Neil Armstrong was no Christopher Columbus.
In most respects, he was better. Unlike the famous fifteenth century seafarer, Armstrong knew where he landed. He also spent his time in public service, not in jail, and his passing was marked by world-wide encomiums. He ended his days as a celebrated explorer rather than a royal inconvenience.
Exploration was once a dirty, nasty and dangerous business. Consider some of Columbus’ contemporaries, headliners in the early years of the Age of Discovery. Ferdinand Magellan’s globe-girdling venture killed a large number of people, including the bulk of his crew and countless natives who got in the way. Magellan himself was cut down in an ill-conceived battle he instigated with a native chief in the Philippines. One, and only one of his ships hobbled back to Spain.
Then there was Vasco Nunez de Balboa, who in 1513 became the first European to see the Pacific from its eastern shores. Balboa was more efficient at exterminating Panamanian natives than your average tropical disease. In the end, he was decapitated by axe for insubordination.
As contemporary explorer Robin Hanbury-Tenison noted to Nick Smith, a journalist, these early probers of the unknown were “the most ghastly people who ever lived. They were as cruel, vicious, and greedy as you could get.”
Exploration’s still dangerous, but not so dirty and nasty. In the last 250 years, it has attracted a better class of people, such as the enlightened Captain James Cook, who probed the Pacific for new islands, or the gentlemanly explorers who raced to be first at the South Pole.
Neil Armstrong was cut from this better cloth, and indeed, the best cloth. His fellow astronauts on Apollo 11, Buzz Aldrin and Michael Collins, are frequently in the public eye. Armstrong, in contrast, was famously private — an archetype of the American hero. He did his job with competence, and with stunning calm.
Five hundred years from now, few will know that. But just as every child today has heard of Columbus, their descendants a half-millennium from now will have heard of Armstrong, a point recently made by NASA Administrator Charles Bolden.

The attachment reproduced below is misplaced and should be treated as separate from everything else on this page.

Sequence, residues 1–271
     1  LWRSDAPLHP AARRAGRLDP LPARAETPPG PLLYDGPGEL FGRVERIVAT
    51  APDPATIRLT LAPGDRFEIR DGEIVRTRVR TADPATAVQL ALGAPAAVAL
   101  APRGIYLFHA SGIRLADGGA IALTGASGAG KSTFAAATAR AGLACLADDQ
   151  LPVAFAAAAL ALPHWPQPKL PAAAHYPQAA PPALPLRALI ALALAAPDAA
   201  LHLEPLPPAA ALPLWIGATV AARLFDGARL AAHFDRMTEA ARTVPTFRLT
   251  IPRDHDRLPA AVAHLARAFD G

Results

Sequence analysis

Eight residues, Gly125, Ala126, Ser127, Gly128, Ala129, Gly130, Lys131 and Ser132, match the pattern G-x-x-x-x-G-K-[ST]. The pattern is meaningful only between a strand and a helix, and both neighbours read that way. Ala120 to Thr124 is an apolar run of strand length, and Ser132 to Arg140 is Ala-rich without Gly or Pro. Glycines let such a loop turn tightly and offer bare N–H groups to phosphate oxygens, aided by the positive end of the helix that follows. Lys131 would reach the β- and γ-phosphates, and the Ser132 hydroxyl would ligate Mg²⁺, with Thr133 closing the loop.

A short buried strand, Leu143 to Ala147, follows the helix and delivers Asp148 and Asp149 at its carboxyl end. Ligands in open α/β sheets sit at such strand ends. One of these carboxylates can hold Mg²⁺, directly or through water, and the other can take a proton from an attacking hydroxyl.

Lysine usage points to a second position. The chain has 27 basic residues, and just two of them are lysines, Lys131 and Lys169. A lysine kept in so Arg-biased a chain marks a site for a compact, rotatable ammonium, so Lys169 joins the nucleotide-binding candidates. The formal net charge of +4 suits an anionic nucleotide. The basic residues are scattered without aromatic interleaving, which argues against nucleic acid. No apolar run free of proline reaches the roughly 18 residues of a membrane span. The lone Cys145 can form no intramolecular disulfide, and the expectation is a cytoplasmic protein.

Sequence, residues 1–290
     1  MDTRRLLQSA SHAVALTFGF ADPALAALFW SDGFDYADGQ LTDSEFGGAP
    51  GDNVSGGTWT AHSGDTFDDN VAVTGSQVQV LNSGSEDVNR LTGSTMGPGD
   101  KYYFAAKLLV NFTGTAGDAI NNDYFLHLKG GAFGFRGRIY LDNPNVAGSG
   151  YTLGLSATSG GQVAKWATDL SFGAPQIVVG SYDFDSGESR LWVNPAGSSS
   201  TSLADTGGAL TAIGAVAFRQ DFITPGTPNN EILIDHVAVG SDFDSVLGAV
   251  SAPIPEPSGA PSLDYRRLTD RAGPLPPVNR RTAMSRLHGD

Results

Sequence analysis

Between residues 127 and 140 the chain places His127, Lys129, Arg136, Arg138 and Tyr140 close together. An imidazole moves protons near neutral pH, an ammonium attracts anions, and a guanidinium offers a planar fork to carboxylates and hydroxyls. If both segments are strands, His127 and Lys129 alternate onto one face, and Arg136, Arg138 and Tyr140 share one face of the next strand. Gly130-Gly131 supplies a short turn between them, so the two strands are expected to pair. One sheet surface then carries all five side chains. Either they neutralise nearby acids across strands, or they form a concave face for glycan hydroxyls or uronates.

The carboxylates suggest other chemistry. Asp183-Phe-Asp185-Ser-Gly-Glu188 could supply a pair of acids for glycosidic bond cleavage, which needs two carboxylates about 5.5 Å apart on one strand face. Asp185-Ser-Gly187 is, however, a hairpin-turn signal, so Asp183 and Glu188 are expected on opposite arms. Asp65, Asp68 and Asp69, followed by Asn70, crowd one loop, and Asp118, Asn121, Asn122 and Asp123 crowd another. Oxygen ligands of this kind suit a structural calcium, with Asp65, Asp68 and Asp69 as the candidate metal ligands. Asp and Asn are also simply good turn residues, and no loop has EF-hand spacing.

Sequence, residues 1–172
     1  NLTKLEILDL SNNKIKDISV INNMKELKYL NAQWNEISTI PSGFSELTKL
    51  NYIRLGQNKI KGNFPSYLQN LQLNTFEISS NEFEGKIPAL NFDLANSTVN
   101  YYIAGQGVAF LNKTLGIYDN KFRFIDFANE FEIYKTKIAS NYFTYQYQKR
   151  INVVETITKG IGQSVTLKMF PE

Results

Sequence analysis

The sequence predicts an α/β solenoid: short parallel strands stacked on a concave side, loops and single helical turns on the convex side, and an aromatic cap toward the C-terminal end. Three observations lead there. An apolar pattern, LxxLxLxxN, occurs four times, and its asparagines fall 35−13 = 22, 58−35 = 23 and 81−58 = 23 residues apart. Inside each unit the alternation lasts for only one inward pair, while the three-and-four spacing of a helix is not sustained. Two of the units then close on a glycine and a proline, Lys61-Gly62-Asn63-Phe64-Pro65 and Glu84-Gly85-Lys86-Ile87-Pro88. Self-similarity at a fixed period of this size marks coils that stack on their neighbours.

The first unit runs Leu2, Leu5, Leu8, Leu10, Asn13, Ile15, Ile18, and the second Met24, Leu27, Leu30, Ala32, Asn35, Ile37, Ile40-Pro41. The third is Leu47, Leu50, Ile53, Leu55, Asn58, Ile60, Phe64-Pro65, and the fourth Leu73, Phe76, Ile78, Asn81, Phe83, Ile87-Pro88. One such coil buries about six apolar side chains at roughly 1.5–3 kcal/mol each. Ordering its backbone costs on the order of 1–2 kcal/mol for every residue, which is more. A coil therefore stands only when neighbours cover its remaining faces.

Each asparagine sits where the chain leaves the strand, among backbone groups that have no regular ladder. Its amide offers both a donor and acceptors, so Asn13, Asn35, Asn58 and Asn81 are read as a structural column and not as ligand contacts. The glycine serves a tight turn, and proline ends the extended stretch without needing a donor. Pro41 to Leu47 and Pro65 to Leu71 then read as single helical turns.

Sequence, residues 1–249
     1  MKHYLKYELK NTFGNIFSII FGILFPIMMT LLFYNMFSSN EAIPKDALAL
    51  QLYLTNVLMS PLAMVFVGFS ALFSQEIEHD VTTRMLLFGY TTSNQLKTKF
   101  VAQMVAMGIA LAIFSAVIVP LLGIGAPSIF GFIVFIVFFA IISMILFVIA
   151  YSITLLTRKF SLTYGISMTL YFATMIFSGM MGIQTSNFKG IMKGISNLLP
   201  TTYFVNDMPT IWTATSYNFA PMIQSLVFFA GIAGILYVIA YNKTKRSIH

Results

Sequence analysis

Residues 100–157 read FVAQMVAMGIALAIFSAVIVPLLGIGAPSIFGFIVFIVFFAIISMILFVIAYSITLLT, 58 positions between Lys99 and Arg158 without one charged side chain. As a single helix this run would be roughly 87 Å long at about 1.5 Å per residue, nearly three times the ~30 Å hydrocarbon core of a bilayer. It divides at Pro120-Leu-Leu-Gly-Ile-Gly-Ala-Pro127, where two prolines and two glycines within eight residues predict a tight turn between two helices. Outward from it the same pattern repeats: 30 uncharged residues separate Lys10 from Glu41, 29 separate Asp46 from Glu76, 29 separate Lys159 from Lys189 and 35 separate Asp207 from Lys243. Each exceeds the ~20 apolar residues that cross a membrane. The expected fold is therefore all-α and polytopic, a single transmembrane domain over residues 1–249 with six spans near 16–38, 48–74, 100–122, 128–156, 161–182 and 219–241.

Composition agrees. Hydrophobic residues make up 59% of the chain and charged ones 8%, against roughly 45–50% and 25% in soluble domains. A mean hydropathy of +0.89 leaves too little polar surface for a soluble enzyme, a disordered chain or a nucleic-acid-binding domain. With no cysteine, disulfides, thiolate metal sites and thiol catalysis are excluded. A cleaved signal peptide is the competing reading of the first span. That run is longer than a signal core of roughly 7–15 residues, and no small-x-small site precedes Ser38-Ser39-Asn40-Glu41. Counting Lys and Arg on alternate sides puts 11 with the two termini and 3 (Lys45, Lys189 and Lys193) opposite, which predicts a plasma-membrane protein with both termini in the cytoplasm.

What our descendants won’t recall is the visceral experience of stepping onto a new world for the first time. Five centuries from now — barring unimaginable catastrophe — the moon will be developed real estate. There’s economic incentive to exploit the moon — the helium-3 will be useful in powering fusion reactors, and the rare earth elements could supplant the limited terrestrial supply of these materials. The moon also offers special opportunities for science. Optical astronomers will revel in a place where the sky is always dark and the troubling atmosphere non-existent. Radio astronomers can take refuge on the moon’s back side — a locale that’s permanently shielded from all the interfering radio chatter of Earth.
These are only the simplest and most obvious of future lunar activities. We can no better imagine what will be happening on the moon 500 years from now than Columbus could imagine contemporary Manhattan. Except to say that it will be a place familiar to billions of people.
But it wasn’t familiar to anyone until Neil Armstrong went there. When he gingerly stepped down the Lunar Module’s ladder and dropped onto the moon’s powdered, pulverized surface, he beheld a landscape that no one had ever seen. A landscape worse than dead, for it was never alive. The science-fiction films had been wrong: there were no rough-hewn mountains sitting in the stark glare of a brittle sun. Instead, the mountains were heaving mounds, unsculpted by weather, their flanks beaten into gentle shape by four billion years of meteor impacts, and carpeted with the impactors’ gritty remains.
It was a place where the quiet was complete, and where nothing ever changed.
Except that on that day, July 20, 1969, for the first time in billions of years, something did change. Neil Armstrong and Buzz Aldrin dropped out of the sky, and made their marks on an untouched panorama.
A tree fell in the forest, but this time everyone heard it.